And then you can read further how Jonas Noreika united “The Land of Samogitia” in crimes against humanity. A diagram put together by Andrius Kulikauskas shows Noreika to be the leader of 9 organizers of mass murder of Jews, including Maironis’s beloved nephew, Captain Stanislovas Lipčius. The diagram also links to another 20 criminals against humanity, including Bishop Justinas Staugaitis, Rev. Vincentas Vėlavičius, Rev. Pilypavičius and Rev. Povilas Pukys. Bishop Staugaitis was the Vice Chairman of the Lithuanian Council which declared Lithuania’s independence in 1918. On July 1, 1941, he organized the funeral of the 73 Lithuanian martyrs whom the Soviets executed at Rainiai forest. During the funeral, innocent Jews were cruelly mocked, abused and tortured. Here is how Ona Algminienė depicted the scene in Raudonasis amaras: Tikrovės romanas (Red Blight: A Reality Novel).

The area around the huge pit, where the 73 martyrs were being buried, was not large enough for all who came, and so the crowd extended up the wide path to the top of the hill. Those who stood on the path facing the grave, following the rites performed with prayers and hymns, were kept from concentrating by another spectacle, which could be seen on the other side of the street, across from the cemetery. That spectacle troubled the already confused thoughts and weighted down all the more upon the beleaguered soul. There on an empty lot, by command of the German military government, during the funeral, all of the Jews from the men’s ghetto were forced to kneel on the ground. Here during the entire time of the burial they had to kneel with their hands held up.

And as the people departed from the cemetery the Jews still knelt there, which many tried not to see. Those who believed that Communism is created by Jews, saw only retribution. Those were mostly mystically inclined Lithuanians, who saw in it a symbol that any wrong done to another sooner or later falls as a blow upon oneself. They were therefore indifferent.

Two weeks later, Jonas Noreika’s deputy Bronius Juodikis led 8 SS men and about 50 Lithuanian partisans in the murder of the 800 Jewish men of Telšiai. And two weeks after that, Noreika included Juodikis in his delegation of 7 leaders from the “Land of Samogitia” to show support for Lithuania’s Provisional Government in Kaunas.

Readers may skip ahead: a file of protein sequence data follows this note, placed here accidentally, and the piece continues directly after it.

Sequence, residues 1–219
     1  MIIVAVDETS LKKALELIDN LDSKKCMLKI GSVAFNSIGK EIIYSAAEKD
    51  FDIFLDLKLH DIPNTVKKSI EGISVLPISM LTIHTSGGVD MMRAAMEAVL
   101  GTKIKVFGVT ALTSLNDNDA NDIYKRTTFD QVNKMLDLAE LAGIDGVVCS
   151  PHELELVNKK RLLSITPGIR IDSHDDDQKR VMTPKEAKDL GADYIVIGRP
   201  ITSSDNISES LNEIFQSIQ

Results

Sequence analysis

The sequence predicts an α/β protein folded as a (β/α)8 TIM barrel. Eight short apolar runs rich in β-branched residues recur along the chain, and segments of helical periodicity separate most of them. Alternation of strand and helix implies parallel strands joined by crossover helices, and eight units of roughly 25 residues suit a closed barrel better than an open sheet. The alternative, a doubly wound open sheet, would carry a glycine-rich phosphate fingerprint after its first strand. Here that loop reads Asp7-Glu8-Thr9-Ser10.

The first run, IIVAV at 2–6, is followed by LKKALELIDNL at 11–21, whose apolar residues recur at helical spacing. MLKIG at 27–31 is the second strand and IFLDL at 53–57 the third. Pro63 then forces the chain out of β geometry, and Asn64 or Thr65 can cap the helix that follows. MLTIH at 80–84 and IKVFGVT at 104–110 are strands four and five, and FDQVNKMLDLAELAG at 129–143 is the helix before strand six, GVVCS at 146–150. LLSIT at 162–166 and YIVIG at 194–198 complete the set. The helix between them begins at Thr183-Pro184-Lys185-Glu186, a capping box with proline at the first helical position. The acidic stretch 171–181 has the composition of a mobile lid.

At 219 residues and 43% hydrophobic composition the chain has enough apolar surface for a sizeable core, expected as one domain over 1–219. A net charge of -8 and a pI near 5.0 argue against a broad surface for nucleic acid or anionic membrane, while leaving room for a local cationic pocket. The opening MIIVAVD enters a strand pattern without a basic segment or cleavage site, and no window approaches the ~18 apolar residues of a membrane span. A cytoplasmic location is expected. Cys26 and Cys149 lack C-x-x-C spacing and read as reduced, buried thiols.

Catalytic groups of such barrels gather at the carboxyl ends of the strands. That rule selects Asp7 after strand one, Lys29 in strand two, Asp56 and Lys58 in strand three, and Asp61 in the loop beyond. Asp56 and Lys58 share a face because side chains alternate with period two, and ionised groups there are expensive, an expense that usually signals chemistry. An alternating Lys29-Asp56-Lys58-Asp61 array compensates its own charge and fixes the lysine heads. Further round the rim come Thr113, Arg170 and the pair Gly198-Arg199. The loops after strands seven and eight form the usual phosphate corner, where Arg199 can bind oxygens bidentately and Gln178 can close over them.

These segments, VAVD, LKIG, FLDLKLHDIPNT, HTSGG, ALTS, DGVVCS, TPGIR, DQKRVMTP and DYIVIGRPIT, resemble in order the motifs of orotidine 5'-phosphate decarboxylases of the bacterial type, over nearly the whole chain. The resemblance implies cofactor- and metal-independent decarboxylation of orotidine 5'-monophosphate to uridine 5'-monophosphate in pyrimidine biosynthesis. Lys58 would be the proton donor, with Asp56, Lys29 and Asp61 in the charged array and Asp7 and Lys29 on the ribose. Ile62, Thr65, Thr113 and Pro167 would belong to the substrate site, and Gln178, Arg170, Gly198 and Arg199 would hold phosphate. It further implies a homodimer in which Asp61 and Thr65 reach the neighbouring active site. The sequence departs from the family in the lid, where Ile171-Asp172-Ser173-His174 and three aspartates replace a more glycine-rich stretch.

Kristina Paulauskaitė, the editor of Žemaičių saulutė, believes in giving writers the freedom to speak the truth. The opinions of the authors of articles and letters may not concur with the opinion of the editors. Since 1996, the newspaper has been primarily a volunteer effort, and today it is completely so. Years ago, the Open Society Fund contributed some honorariums, but none are paid today. Lithuania’s Press Fund helps cover printing costs.

Lithuania defeated the Soviets by singing and holding hands. But it takes decades of idealistic work to cultivate a vibrant press and a principled democracy. Žemaičių saulutėis evidently the most idealistic, authentic grassroots voice in Lithuania, and certainly the most authoritative to speak the truth about Jonas Noreika’s crimes in Lithuania. The latest article represents, at the most local level, a critical mass for trying to come to an understanding.

Andrius Kulikauskas is Curator of the Captain Jonas Noreika Museum and Archive. For background to the looming court case, see “Holocaust Trial of the 21st Century?” in DH.

SEE ALSO

Evaldas Balčiūnas’s 2012 Defending History essay, “Why is Jonas Noreika Considered a National Hero?” and the Balčiūnas section in DH. Scroll down to May 2014 to follow reports on the campaign by prosecutors and police to harass and discredit Mr. Balčiūnas (esp. reports of 22 May 20144 July 20149 July 2014,  1 Aug. 201428 April 201512 June 201415 Nov. 201517 Jan. 20169 June 201622 July 2016).

This entry was posted in Andrius Kulikauskas, Christian-Jewish Issues, Collaborators Glorified, Genocide Center (Vilnius), Lithuania, Litvak Affairs, Media Watch, News & Views, Opinion, Politics of Memory and tagged , , , , , . Bookmark the permalink.
Return to Top

Comments are closed.